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The Darjeeling Limited

The Train to Nowhere

When this train pulls into the station, you may not want to board. One of the more anticipated films of the year, The Darjeeling Limited is just that -- limited. The movie is a disappointing road trip flick in which three spoiled, clueless, sorry saps travel by train through India while trying to absorb its "spiritual essence" via osmosis.

After he experiences a near death accident, the eldest of three brothers, Francis (Owen Wilson), organizes a spiritual journey through India's North East with his reluctant siblings, Peter (Adrien Brody) and Jack (Jason Schwartzman). It's been a year since the tragic death of their father (and longer since they've seen their itinerant mother) and they have drifted apart. Hoping for a bonding experience, as outlined on their laminated itineraries, they take off on a mysterious journey aboard the Darjeeling Limited.

The movie is split into two parts -- the first being a 12-minute short entitled "Hotel Chevalier" starring Natalie Portman as Jack's horrid, stalker-like ex-girlfriend, which serves as a prequel, and part 2, The Darjeeling Limited. Although watching part 1 is not essential to understanding what happens in the second part, it does give a little back story. And director/writer Wes Anderson has specifically stated that he sees the two films as a whole and that they should be viewed together. This may just be an indulgence on the director's part as the prequel doesn't play that important a role.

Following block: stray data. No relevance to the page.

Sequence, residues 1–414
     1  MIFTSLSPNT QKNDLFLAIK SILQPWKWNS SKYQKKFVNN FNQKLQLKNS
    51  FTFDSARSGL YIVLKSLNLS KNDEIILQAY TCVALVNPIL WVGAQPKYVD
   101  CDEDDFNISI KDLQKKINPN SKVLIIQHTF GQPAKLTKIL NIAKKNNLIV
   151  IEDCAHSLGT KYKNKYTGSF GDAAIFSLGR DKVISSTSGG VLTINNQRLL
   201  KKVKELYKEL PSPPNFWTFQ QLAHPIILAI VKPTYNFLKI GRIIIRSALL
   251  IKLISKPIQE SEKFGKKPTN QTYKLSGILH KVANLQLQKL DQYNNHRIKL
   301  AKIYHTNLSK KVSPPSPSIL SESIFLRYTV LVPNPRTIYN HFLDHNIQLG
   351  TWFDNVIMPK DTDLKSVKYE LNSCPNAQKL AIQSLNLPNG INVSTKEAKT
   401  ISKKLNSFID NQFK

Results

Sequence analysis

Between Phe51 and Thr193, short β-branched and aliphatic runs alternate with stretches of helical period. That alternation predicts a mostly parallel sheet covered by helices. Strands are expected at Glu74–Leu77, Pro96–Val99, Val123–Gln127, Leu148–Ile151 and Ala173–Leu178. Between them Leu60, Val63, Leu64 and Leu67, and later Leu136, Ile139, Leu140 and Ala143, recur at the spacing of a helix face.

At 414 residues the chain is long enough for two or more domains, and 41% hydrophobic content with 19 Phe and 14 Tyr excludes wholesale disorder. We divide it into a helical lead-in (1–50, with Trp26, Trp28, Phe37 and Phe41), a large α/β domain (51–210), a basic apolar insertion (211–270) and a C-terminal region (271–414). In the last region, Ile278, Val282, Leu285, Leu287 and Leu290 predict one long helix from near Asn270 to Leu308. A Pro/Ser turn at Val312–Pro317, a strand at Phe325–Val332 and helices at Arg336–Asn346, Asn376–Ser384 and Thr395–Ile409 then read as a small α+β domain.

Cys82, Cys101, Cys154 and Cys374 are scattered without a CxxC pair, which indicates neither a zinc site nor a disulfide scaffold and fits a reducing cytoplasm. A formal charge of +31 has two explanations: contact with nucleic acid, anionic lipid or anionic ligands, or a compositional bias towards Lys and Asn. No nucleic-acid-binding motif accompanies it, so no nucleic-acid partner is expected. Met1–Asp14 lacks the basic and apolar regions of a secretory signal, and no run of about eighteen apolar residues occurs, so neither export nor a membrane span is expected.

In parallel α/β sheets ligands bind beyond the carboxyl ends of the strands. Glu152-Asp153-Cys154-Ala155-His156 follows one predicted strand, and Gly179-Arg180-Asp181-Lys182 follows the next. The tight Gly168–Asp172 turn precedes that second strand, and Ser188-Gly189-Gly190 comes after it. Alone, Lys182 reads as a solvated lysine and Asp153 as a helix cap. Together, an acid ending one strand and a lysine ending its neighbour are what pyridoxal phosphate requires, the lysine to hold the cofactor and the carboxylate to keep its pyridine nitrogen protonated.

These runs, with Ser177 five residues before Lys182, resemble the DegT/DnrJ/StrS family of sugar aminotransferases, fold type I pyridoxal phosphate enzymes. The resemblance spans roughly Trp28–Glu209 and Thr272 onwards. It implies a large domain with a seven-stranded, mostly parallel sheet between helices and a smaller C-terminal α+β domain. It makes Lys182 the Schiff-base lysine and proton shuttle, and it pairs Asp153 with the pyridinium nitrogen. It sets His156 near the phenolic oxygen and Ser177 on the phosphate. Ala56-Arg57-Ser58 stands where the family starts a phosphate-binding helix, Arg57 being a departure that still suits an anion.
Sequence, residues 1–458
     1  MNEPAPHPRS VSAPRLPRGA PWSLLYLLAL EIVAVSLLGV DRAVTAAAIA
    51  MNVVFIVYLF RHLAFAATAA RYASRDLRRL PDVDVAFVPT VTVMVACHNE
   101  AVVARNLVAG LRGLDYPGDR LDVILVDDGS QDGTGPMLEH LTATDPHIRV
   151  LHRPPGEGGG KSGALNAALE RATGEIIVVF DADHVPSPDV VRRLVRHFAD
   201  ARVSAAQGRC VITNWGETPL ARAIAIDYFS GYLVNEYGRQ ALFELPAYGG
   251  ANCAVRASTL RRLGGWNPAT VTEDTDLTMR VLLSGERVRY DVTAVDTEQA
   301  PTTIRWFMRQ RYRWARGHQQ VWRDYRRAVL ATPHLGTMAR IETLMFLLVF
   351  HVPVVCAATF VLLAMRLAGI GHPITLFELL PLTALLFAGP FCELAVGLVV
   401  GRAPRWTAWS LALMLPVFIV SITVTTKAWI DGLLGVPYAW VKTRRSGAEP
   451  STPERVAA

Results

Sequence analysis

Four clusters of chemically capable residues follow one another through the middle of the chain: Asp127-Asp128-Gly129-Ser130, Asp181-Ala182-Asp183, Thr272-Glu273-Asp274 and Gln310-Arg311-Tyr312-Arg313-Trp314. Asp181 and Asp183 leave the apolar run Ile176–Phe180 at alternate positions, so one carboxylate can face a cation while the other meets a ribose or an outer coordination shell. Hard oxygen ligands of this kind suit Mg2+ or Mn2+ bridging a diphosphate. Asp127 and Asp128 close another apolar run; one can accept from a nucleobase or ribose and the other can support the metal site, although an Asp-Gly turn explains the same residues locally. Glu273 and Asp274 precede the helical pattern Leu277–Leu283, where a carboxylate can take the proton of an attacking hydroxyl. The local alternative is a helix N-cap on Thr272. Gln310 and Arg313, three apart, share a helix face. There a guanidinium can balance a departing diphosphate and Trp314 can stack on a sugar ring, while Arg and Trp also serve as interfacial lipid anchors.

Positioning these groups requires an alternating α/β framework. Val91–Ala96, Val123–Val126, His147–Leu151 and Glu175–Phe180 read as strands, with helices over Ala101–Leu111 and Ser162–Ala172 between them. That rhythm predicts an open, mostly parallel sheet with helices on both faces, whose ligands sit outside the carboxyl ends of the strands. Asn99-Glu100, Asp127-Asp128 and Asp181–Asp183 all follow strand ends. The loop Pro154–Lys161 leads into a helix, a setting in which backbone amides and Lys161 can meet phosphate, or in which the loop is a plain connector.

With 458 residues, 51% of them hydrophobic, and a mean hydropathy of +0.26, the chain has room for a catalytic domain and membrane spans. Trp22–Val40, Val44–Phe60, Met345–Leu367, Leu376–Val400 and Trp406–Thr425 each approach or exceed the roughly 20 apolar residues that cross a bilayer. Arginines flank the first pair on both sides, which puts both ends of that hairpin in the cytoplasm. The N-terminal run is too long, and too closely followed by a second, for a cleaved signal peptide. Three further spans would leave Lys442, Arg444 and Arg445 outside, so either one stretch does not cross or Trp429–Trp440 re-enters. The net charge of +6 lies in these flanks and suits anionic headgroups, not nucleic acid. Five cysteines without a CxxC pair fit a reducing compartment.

Nonetheless, the beauty of a Wes Anderson film lays in the details and the camerawork; here it can be found in the sweeping shots, the strange and quirky characters, the tight angles, the misuse of Indian pharmaceuticals, the lush, eye-popping color palette and the trinkets and artwork inserted into the sets decorating them like Christmas trees. One thing's for sure: he knows how to construct a scene. Unfortunately, other than that, there's not much to this film. Directed by Anderson and written by himself and Roman Coppola, The Darjeeling Limited is like a very striking, sophisticated model who's completely hollow and dead inside.

By now, audiences and fans of Anderson's style, as seen in his films Bottle Rocket, Rushmore and The Royal Tenenbaums, are familiar with his work. But the director seems to be stuck in a rut; it's time to break free and try something different. Or at least expand upon the old formula. But that doesn’t happen here. The Darjeeling Limited is full of the same old shtick, and it gets old fast.

Nothing here is anything you haven't seen before but with better results. The actors come off as whiny rather than witty, the writing is dull and the hijinks are minimally interesting. The only thing going for The Darjeeling Limited is the direction, if that. What the movie essentially does is objectify a foreign culture and religion and go on way too long while doing it.

Rating: 2.75 out of 5 stars


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